Low levels of key, body-regulating chemicals in mothers during the first three months of pregnancy may interfere with the baby’s brain development, a large American study shows.

These chemicals, or hormones, are produced in the thyroid gland in the neck and are known to influence fetal growth. Investigators have suspected that disruptions in their production, or hypothyroidism, may contribute to attention deficit/hyperactivity disorder (ADHD), which is the most common neurodevelopmental disorder of children in the U.S.

Led by an NYU Long Island School of Medicine researcher, the new investigation showed that children whose mothers were diagnosed with hypothyroidism shortly before or during the early stages of pregnancy were 24 percent more likely to have ADHD than children whose mothers did not have the diagnosis. The authors say their findings also show that boys born to hypothyroid women were four times more vulnerable to ADHD than girls whose mothers had hypothyroidism. Hispanic children born to hypothyroid mothers had the highest risk of any ethnic group studied.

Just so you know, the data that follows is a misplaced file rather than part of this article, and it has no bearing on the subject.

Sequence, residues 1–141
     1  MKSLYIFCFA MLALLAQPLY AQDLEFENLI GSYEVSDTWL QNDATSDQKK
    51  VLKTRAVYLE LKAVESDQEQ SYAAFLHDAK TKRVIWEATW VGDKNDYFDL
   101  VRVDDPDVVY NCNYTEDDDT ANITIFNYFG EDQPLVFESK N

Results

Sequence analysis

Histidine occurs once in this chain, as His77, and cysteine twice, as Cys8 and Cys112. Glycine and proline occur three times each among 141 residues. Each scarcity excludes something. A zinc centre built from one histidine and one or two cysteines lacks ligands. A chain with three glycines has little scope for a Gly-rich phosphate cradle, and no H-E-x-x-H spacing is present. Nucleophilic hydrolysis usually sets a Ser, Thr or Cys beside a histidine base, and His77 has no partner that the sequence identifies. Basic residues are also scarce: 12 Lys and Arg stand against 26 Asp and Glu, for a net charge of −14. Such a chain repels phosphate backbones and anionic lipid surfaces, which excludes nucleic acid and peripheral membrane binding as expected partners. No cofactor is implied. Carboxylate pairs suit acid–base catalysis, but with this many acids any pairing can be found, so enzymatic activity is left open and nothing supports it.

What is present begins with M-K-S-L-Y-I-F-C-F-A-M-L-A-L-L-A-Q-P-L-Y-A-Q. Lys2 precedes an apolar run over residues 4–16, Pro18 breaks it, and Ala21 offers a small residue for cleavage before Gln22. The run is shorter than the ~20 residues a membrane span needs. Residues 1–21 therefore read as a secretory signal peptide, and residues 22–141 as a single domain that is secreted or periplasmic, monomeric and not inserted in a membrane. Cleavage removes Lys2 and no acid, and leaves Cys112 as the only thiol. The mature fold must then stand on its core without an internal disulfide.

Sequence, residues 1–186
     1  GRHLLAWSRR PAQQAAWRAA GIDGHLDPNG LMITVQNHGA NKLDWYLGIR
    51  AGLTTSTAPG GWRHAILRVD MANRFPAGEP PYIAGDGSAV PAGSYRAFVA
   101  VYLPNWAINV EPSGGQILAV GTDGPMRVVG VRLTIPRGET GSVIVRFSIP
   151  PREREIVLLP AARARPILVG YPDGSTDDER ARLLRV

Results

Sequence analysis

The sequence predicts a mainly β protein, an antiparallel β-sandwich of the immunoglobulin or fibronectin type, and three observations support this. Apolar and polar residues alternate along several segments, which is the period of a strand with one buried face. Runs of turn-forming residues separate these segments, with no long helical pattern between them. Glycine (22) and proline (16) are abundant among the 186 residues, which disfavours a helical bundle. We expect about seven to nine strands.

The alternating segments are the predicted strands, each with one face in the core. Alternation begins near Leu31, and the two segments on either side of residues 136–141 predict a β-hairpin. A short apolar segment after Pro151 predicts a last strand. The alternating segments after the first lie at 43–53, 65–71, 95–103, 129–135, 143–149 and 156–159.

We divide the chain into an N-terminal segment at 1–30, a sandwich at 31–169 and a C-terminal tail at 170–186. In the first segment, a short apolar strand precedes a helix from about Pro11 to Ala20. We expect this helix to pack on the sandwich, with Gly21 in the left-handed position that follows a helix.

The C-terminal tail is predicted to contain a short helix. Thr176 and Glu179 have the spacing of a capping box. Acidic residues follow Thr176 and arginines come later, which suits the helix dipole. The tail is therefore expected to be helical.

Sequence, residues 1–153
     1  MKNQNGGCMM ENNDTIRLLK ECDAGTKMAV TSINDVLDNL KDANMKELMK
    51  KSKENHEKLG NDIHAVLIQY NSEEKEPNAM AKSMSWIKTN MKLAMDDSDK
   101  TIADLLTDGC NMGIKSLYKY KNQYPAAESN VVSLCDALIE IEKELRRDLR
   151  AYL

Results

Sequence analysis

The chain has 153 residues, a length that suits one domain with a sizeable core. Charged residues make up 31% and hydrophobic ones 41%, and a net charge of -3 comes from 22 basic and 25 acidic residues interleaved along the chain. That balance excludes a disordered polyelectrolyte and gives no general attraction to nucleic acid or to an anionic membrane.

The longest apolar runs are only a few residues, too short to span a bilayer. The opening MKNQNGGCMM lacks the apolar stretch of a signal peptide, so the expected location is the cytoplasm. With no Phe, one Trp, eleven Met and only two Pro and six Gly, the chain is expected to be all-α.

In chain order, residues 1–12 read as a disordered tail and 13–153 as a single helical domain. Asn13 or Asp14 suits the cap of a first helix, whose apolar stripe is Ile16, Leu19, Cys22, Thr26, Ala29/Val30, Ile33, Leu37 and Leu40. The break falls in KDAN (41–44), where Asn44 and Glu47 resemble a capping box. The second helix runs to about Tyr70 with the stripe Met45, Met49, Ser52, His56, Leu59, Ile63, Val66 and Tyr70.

“Our findings make clear that thyroid health likely has a much larger role in fetal brain development and behavioral disorders like ADHD than we previously understood,” says study lead author Morgan Peltier, PhD. Peltier is an associate professor in the departments of Clinical Obstetrics, Gynecology, and Reproductive Medicine at NYU Winthrop Hospital, part of NYU Langone Health.

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The Ritz Herald

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2 mins
© Georg Arthur Pflueger
The Ritz Herald
Free online webinars offered by Central Ohio Primary Care (COPC) physicians

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Don’t worry if you miss the webinar. From now until December 7 you can still log on by going to to listen to the online Medicare information program.